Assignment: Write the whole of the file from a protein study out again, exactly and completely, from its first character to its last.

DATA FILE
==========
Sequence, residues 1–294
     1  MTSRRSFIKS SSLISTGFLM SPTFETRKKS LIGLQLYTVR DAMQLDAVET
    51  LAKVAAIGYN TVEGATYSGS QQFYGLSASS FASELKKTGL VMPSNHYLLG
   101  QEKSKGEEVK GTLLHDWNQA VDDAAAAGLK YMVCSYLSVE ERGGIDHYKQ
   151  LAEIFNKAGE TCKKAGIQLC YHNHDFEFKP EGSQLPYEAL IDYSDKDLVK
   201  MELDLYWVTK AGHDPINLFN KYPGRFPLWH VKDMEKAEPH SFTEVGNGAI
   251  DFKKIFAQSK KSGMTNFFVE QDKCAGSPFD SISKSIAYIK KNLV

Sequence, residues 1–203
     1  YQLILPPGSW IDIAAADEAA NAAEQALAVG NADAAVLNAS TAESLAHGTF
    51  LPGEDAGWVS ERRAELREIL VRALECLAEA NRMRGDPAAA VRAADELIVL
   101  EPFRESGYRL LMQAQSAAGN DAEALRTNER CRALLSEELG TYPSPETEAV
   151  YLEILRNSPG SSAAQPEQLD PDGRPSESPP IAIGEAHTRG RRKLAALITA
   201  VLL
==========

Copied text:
Sequence, residues 1–294
     1  MTSRRSFIKS SSLISTGFLM SPTFETRKKS LIGLQLYTVR DAMQLDAVET
    51  LAKVAAIGYN TVEGATYSGS QQFYGLSASS FASELKKTGL VMPSNHYLLG
   101  QEKSKGEEVK GTLLHDWNQA VDDAAAAGLK YMVCSYLSVE ERGGIDHYKQ
   151  LAEIFNKAGE TCKKAGIQLC YHNHDFEFKP EGSQLPYEAL IDYSDKDLVK
   201  MELDLYWVTK AGHDPINLFN KYPGRFPLWH VKDMEKAEPH SFTEVGNGAI
   251  DFKKIFAQSK KSGMTNFFVE QDKCAGSPFD SISKSIAYIK KNLV

Sequence, residues 1–203
     1  YQLILPPGSW IDIAAADEAA NAAEQALAVG NADAAVLNAS TAESLAHGTF
    51  LPGEDAGWVS ERRAELREIL VRALECLAEA NRMRGDPAAA VRAADELIVL
   101  EPFRESGYRL LMQAQSAAGN DAEALRTNER CRALLSEELG TYPSPETEAV
   151  YLEILRNSPG SSAAQPEQLD PDGRPSESPP IAIGEAHTRG RRKLAALITA
   201  VLL